Farmed Fish: To Buy or Not to Buy


If you’ve ever stood in front of the seafood counter at the grocery store, utterly confused on whether to buy wild or farmed fish and what the differences are, we hear you. We’ve been there, too! To help us better understand this issue, we’ve tapped Sophie Egan, author of How to Be a Conscious Eater: Making Food Choices That Are Good For You, Others, and the Planet to share an excerpt from her new book.

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Farmed Fish: Yay or Nay?

You can think of a typical fish farm much like a cattle feedlot: Too many creatures crammed into too little space and fed too much sub-optimal feed, making them too sick and fat. Tens of thousands of rapidly growing fish swarming amid net pens or ponds. Ergo, fish farmers relying on the usual Band-Aid solutions—antibiotics, pesticides, and other chemicals—which round out the CAFO (confined animal feeding operation) analogy by similarly contributing to antibiotic resistance and environmental degradation. But instead of in factory farms on land, it all transpires under water.

More reasons not to eat farmed fish

Fish out of water

It’s harder to maintain a hard border, so to speak, when you’re housing living things in a body of water. Imagine large cages made of netting, floating offshore. Inevitably, fish escape, at least in the case of farmed salmon, which is a particularly problematic type of fish farming. This can result in the spread of disease as well as fish acting as invasive species in these waters where they don’t belong. They can even mate with wild fish, which can mess with the genetics of the wild population.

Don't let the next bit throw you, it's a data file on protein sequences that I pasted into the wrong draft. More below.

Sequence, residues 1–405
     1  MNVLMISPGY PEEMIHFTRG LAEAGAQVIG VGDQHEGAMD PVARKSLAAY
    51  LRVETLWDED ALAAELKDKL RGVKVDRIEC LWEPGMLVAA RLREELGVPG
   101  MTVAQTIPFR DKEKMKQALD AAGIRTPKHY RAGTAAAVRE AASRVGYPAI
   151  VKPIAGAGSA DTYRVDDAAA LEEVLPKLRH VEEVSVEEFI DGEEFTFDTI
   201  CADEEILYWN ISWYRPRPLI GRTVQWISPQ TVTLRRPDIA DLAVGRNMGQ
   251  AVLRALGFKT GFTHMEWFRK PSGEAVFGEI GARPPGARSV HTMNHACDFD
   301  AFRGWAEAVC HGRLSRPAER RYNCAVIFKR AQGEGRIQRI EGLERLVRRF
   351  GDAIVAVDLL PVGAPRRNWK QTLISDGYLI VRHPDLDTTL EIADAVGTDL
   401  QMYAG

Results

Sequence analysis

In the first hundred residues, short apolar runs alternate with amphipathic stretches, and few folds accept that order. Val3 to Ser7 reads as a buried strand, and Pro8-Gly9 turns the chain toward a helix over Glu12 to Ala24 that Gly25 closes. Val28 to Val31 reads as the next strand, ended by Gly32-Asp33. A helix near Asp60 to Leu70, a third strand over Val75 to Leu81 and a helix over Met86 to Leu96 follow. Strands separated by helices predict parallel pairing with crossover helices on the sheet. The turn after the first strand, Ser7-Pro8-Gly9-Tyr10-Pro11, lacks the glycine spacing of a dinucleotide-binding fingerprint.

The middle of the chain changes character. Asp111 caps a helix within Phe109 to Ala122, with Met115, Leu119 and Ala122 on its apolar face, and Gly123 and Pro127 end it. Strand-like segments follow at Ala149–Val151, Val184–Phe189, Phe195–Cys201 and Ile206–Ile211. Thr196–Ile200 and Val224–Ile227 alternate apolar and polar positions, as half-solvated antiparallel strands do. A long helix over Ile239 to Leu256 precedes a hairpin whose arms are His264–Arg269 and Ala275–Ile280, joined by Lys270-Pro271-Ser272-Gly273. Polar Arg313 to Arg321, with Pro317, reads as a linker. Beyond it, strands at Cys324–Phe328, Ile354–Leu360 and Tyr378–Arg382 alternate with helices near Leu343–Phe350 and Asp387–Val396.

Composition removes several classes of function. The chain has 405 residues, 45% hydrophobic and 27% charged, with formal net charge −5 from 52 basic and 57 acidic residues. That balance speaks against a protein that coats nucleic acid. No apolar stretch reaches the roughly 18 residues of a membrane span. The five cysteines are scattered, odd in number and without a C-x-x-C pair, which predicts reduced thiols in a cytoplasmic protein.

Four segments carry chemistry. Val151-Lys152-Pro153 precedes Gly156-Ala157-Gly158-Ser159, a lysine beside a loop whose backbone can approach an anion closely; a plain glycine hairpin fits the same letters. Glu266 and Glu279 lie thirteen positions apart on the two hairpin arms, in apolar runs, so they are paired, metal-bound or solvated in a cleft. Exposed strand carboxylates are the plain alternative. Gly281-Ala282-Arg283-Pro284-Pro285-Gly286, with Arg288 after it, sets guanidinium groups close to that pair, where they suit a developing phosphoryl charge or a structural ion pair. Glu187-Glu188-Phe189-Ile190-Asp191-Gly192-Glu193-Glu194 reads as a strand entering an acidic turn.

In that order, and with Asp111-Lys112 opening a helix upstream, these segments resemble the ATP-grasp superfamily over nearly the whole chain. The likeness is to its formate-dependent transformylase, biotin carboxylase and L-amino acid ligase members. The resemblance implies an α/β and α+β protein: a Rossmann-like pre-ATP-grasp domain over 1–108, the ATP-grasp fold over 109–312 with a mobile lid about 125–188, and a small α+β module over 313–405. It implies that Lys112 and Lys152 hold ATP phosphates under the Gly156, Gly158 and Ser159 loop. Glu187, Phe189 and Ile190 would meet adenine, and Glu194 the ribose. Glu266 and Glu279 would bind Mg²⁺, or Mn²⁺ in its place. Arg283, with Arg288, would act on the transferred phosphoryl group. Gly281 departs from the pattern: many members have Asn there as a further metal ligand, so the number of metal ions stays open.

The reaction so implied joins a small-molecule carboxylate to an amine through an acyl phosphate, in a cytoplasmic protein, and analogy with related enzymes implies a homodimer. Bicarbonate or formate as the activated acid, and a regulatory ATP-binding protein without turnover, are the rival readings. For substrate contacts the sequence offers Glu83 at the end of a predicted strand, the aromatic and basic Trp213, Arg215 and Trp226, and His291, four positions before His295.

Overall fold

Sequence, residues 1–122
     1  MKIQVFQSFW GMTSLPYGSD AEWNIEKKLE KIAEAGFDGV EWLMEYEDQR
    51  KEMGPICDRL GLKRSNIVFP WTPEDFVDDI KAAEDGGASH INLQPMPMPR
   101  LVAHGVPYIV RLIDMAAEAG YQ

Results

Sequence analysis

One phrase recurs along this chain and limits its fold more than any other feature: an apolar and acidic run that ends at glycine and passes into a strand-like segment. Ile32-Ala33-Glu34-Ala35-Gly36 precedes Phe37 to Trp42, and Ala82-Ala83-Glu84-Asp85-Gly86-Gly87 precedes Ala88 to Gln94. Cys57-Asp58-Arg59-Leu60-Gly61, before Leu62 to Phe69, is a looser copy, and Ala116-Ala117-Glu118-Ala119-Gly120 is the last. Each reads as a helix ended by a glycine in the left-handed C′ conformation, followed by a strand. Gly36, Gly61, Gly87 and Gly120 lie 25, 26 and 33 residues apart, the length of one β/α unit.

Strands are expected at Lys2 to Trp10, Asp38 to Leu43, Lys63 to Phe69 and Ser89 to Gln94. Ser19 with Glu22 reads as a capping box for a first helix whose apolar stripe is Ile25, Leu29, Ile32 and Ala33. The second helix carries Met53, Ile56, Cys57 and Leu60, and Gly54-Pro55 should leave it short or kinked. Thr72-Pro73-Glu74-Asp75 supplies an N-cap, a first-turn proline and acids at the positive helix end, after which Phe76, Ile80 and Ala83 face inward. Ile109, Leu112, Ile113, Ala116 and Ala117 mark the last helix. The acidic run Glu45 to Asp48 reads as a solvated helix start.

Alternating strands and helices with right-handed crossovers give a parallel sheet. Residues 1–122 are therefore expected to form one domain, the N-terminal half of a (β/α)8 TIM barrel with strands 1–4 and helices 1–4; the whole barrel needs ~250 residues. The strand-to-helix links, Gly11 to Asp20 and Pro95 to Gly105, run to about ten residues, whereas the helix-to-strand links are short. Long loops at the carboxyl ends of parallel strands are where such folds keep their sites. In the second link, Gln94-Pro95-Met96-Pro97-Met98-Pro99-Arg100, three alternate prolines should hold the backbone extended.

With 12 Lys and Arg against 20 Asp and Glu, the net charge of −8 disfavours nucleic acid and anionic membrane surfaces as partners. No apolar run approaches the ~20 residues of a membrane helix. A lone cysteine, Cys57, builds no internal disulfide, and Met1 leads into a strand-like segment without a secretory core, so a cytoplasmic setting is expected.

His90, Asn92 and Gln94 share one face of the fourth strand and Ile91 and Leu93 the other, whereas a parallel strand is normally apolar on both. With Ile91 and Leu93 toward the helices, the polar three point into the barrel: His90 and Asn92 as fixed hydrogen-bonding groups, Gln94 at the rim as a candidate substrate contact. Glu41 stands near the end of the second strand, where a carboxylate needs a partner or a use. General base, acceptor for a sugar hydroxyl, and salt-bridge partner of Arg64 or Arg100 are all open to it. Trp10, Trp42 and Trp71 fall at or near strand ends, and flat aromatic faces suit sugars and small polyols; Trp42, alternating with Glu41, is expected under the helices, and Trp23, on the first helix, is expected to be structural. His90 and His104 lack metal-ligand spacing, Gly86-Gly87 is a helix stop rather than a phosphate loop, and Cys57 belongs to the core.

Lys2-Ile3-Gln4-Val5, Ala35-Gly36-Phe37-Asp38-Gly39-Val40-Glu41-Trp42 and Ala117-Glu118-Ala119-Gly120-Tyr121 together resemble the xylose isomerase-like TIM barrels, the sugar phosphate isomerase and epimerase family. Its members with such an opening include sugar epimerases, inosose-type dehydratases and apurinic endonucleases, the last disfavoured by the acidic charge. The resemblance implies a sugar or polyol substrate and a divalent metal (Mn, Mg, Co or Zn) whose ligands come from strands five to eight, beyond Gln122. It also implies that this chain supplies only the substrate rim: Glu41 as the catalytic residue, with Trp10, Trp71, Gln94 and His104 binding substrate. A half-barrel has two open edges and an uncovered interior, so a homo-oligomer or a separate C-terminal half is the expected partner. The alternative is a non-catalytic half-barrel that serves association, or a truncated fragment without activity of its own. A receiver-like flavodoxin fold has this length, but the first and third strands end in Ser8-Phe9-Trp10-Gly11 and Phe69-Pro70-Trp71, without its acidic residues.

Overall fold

Less healthy fish

When fish are confined, they’re less active. The result is fish who are fatter than their wild cousins, who get tons of exercise and live off small fish and krill (little crustaceans). For us, this means farmed salmon develop up to three times the saturated fat of wild salmon (much like the comparison for grass-fed beef). This high saturated fat content is caused by what the farmed salmon are fed, which is a face-scrunching blend of pellets made from fish oil and fish meal (derived from larger fish), soy and wheat, and sundry by-products of slaughtered farm animals. Excuse me, but what’s a fish doing eating a cow!? Talk about Frankenfood. 


Unfortunately, methylmercury isn’t the only toxic chemical that finds its way into our fish supply. After years of agricultural and industrial uses, chemicals including poly­chlorinated biphenyls, or PCBs, were banned decades ago because of suspected ties to cancer and skin and liver harm. But their waste streams have left residual contamination in waters that fish inhabit. Though reports vary, several studies have found that PCB levels are much higher in farm-raised salmon, which is likely caused by the way PCBs concentrate in oils and fat, which fish meal is high in. Consuming high amounts poses risks during pregnancy and early infancy, and the higher up the food chain a fish is, and the more a fish eats lots of other fish, the more PCBs it’s likely to have. If this sounds familiar, it’s the same principle of bioaccumulation that puts predator fish at the top of the no-no list for mercury. Unfortunately, fattier fish have more PCBs, and those are the ones at the top of the yes-yes list for omega-3s. (It’s exhausting, I know. Believe me!)